One report by Rosenbloom et al reviewed 17 cases of DKA associated CO.18 The authors found no role for rate of fluid or electrolyte administration, or for rate of blood glucose correction. Two episodes of CO had only oral rehydration. Another study by Rosenbloom reviewed 69 cases of DKA associated CE. This retrospective analysis did not implicate rate of hydration, tonicity of administered fluid, rate of correction of glucose, or use of bicarbonate in the development of CO. Mel and Werther reported a 20 year retrospective experience during which two large groups of children were rehydrated according to two differing protocols. One involved rapid correction of dehydration over six hours, and the other used a longer 24 hour period. There was no difference in the rate of CO between the treatment groups.22 A small retrospective study by Hale et al compared four cases of CO with 10 matched controls, but found no difference between the volume and sodium content of fluid administered to the two groups.27 Although the authors suggest a trend of declining serum sodium may be an ominous sign, they conclude that “DKA itself, rather than its treatment, causes CE [cerebral edema].”

Felner and White evaluated the difference in outcomes resulting from a change in the treatment protocol for children with DKA at their institution.24 Both protocols suggested initial fluid bolus therapy for states of hypoperfusion. Bolus treatment had been followed by replacement of a fluid deficit calculated as 1.5 times maintenance fluids plus fluids based on the child’s weight and percentage dehydration. This was done over 36 hours, half in the first 12 hours and half in the next 24 hours. The new protocol suggested a weight based fluid regimen delivered at 2.5 times the maintenance rate, regardless of the percentage dehydration. The new protocol was also designed to use fluids that are less hypotonic (0.75 normal saline versus 0.5 normal saline), and to allow more rigorous control over the delivery of sodium and glucose to patients. The new protocol was successful in more rapidly correcting acidosis than the old, and it was found to be more cost effective. However, although patients treated under the new protocol received less total fluid, the rates of CO were no different between the treatment groups.

Edge et al conducted a survey in which they attempted to identify every case of CO that occurred during DKA over a two year period in England, Scotland, and Wales.28 They determined the overall risk of CO was seven per 1000 cases of DKA, a rate strikingly similar to rates reported in the United States. The authors point out that the fluid management for DKA differs between the UK and the US. In the UK, colloid solutions have been used for the initial resuscitation, whereas US practitioners have used normal or even half normal saline. Similarly, practitioners in the UK have used isotonic saline for subsequent hydration, but in the US hypotonic saline has been more common. “Thus the similar risk of cerebral edema in the UK and the USA suggests that the type of fluid regimen used in the treatment of DKA may have only a limited impact on cerebral edema risk.”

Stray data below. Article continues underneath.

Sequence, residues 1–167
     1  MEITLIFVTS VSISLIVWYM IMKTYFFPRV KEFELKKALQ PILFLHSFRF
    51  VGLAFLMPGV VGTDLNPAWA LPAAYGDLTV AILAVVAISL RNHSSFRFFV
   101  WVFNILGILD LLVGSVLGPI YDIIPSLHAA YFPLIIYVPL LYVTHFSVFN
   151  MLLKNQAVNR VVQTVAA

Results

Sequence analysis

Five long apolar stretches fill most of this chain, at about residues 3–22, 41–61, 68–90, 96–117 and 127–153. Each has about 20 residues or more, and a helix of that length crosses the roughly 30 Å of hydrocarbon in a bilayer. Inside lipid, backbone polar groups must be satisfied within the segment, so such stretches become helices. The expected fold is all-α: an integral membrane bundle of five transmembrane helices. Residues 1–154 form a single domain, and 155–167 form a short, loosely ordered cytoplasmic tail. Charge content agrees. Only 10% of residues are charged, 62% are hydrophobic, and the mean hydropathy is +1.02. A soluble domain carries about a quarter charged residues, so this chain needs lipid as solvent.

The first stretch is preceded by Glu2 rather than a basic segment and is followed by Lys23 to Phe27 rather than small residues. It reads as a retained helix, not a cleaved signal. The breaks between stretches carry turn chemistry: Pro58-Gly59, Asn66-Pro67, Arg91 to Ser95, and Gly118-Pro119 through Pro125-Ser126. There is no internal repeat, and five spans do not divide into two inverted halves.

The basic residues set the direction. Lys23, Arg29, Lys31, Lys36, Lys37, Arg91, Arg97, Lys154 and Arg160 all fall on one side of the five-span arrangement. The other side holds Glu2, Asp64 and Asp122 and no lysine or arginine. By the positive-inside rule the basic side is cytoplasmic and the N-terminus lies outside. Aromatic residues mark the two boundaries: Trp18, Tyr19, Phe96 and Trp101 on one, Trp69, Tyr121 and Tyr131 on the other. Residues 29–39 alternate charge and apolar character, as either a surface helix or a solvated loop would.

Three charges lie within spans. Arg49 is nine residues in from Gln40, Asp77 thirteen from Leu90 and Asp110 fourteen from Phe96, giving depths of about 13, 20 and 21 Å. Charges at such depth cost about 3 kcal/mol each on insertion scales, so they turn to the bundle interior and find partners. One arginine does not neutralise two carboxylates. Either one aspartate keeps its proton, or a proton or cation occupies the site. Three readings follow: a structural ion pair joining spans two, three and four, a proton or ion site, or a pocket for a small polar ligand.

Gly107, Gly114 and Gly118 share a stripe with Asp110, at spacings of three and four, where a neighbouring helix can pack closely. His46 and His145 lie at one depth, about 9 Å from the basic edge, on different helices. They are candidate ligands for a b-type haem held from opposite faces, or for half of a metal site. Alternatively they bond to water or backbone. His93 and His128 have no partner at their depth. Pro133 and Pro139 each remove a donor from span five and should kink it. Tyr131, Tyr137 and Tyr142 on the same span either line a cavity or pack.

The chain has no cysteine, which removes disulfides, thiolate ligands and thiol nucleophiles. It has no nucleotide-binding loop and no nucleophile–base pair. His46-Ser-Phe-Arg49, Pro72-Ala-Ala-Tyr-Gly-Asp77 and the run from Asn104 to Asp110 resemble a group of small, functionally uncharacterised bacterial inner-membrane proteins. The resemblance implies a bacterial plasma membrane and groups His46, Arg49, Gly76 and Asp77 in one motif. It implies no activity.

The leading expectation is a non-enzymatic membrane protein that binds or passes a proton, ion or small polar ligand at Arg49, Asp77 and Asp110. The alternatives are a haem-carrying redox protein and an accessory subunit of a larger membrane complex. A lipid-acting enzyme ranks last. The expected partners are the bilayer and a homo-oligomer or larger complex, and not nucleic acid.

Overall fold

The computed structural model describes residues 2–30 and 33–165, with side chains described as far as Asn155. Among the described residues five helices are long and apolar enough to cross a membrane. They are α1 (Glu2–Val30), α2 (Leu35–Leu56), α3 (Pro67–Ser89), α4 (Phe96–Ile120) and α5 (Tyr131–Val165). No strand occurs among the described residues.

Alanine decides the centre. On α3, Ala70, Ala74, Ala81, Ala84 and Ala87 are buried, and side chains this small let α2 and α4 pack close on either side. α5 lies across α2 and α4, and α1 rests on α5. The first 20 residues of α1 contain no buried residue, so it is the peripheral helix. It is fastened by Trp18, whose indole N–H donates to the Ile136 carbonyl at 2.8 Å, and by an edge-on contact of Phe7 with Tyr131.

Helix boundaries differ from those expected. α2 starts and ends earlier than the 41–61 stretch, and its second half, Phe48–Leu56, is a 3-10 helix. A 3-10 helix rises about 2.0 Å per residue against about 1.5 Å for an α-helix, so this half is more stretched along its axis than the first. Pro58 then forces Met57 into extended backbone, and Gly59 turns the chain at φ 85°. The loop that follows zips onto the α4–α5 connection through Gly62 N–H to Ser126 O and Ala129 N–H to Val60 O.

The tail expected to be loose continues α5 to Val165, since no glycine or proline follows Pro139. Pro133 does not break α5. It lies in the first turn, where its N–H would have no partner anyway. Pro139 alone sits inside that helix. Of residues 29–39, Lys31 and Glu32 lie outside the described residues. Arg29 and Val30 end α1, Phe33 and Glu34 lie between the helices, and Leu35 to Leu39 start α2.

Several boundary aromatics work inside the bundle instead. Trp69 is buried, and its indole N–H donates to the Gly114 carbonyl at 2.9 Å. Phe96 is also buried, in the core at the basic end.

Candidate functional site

A recent study by Glaser et al retrospectively examined 6977 cases of childhood DKA.5 They identified 61 cases of CO in this group. Each case of CO was paired with six controls. Three controls were randomly assigned from among the initial pool of 6977 patients, and three controls were matched according to age, onset of diabetes, venous pH at presentation, and serum glucose concentration at presentation. This review found no relation between CO and rates of fluid, sodium, or insulin administration. There was no correlation between CO and initial serum glucose concentration or the rate of change of serum glucose concentration. Of therapeutic factors analysed, only treatment with bicarbonate was associated with CO, and this association is confounded by the reality that only the most toxic, acidemic children are considered for bicarbonate treatment. The children who developed CO had higher initial serum urea nitrogen concentrations and lower initial partial pressures of arterial carbon dioxide, which implies that they were more dehydrated and academic—in other words, they were sicker. This study is large, methodologically sound, and strongly refutes previous reports attempting to link the development of CO with the treatment of children in DKA.

Considering the inconclusive nature of the current literature, no treatment strategies can be definitively recommended. Some studies have suggested that vigorous hydration leading to rapid changes in osmolality may be associated with CO, but they have insufficient methodology to suggest a causal relation. Other large trials do not show any relation between hydration treatment and CO. Variation from proposed rehydration protocols19,20 must be left to the discretion of the treating physician, but rate of dehydration, level of acidosis, serum osmolality, and serum glucose concentration should all be taken into account. Unless a large prospective trial is performed with enough power to identify differences in outcomes after treatment regimens of children with DKA, definitive therapeutic recommendations will be impossible. Because DKA associated CO is a rare condition, each treatment arm of such a study would require thousands of patients. A large, multicentre trial over many years would be needed. Although feasible and ethical, such a study would require herculean effort. Based on the current state of the literature, the idea that treatment for DKA results in CO must be considered an unsubstantiated myth.

Table 1

Summary of available evidence relating treatment of diabetic ketoacidosis to development of cerebral oedema

REFERENCES